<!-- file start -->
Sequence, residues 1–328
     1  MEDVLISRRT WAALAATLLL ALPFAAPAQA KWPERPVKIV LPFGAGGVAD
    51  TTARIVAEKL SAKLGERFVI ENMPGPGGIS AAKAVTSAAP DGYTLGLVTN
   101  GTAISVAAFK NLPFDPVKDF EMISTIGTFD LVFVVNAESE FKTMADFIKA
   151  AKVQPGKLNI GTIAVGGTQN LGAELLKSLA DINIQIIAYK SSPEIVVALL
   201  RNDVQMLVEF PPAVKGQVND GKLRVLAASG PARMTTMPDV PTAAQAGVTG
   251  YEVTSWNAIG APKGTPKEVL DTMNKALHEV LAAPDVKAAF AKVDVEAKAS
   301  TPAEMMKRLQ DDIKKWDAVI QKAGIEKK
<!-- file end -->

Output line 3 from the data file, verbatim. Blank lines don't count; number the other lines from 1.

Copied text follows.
    51  TTARIVAEKL SAKLGERFVI ENMPGPGGIS AAKAVTSAAP DGYTLGLVTN